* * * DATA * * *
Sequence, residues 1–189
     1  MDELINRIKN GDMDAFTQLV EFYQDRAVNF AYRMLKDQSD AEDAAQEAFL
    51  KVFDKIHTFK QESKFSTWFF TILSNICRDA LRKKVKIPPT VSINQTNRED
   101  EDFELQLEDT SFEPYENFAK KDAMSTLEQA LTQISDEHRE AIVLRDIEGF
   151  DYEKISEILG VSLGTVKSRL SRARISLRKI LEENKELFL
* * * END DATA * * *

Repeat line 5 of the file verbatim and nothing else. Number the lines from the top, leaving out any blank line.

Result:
   151  DYEKISEILG VSLGTVKSRL SRARISLRKI LEENKELFL